Environmental toxicity and climate crisis threaten Nepal’s medicinal plants

Heavy metal contamination also has implications on human health, while the climate crisis could greatly alter the habitats of plant species.

Environmental toxicity and climate crisis threaten Nepal’s medicinal plants

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Toxic metals like arsenic, cadmium, lead, and mercury have been found in three medicinal plants used in Ayurvedic medicines to treat common diseases and ailments.

Officials say the medicinal plants might have been exposed to such hazardous metals in the past too but they weren’t aware of the level of toxicity.

“This study was carried out to measure the levels of toxicity in medicinal plants,” said Dr Basudev Upadhyay, director general at the Department of Ayurveda and Alternative Medicine under the Ministry of Health and Population. “This study will help us compare the level of toxicity in the plants in the future.”


Toxic metals were assessed in Tinospora cordifolia (Guduchi), Berberis aristata (Daruharidra) and Neopicrorhiza scrophulariiflora (Katuki) in the study “Impact of Climate Change on Medicinal Plants of Selected Districts in Nepal-2020,” carried out by the department.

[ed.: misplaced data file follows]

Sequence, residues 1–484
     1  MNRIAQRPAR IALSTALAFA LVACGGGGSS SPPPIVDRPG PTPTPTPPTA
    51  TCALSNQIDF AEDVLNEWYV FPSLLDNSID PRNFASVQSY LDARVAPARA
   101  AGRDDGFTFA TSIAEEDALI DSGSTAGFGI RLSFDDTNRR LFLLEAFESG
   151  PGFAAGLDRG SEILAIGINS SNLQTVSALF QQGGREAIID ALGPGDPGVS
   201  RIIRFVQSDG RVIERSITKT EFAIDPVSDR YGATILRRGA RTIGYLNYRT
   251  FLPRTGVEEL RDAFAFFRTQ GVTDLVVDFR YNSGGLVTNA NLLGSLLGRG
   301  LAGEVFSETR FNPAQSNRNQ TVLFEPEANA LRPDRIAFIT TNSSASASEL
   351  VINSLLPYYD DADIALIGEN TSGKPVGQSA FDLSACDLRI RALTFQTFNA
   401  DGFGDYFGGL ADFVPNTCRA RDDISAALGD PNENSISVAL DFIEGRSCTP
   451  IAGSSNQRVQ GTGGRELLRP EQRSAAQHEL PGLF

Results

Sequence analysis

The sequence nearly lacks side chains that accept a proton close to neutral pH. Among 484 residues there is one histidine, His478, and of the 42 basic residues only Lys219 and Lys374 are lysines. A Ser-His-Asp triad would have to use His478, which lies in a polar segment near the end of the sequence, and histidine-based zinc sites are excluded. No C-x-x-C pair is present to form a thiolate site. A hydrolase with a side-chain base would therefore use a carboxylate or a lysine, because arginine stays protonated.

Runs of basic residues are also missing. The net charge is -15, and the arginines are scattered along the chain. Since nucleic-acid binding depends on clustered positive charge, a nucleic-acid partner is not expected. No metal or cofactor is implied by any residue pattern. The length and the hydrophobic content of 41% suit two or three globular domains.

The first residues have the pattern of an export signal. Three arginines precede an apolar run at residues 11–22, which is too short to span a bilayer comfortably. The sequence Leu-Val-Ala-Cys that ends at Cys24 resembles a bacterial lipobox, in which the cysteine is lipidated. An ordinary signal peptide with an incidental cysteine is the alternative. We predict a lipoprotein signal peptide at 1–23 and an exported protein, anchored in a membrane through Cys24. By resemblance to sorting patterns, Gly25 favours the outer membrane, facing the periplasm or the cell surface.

The study was carried out in three districts—Manang, Dhading and Parsa—and three important medicinal plants were chosen for the study.

The researchers traced 0.14, 0.008, 0.65, and 0.08 parts per million (ppm) of arsenic, cadmium, lead, and mercury, respectively in the sample of Neopicrorhiza scrophulariiflora.

Similarly, the sample of Berberis aristata had 0.08ppm of arsenic, 0.08ppm of cadmium, 0.08ppm of lead, and 0.04ppm of mercury.

The Tinospora cordifolia also showed 0.09ppm of arsenic, 0.08 of cadmium, 0.40ppm of lead, and 0.08ppm of mercury.

The World Health Organisation’s acceptable limits for these most common heavy metals are 3ppm for arsenic, 0.3ppm for cadmium, 10ppm for lead, and 0.03ppm for mercury.

“Environment pollution, mainly soil pollution, is the chief cause of high exposure of medicinal plants to toxic metals,” said Dr Puneshwar Keshari, an expert on medicinal plants. “The report of the study shows that negative impacts of environmental pollution are not only limited to cities but are also visible in rural areas. It has impacted not only food products and human health but also medicinal herbs.”

Tinospora cordifolia has been used for ages in the treatment of fever, jaundice, chronic diarrhoea, cancer, dysentery, bone fracture, pain, asthma, skin disease, poisonous insect, snake bite, and eye disorders.

Berberis aristata is used as an antibacterial, antiperiodic, antidiarrheal and anticancer medicine and it is also used in the treatment of ophthalmic infections. Neopicrorhiza scrophulariiflora is effective in curing fever, jaundice, hemorrhoid, and dysentery.

Experts say exposure to high levels of lead may cause anaemia, weakness, and kidney and brain damage. Exposure to excessive levels of mercury may cause lung damage, and potential damage to the brain and kidney, and blood loss.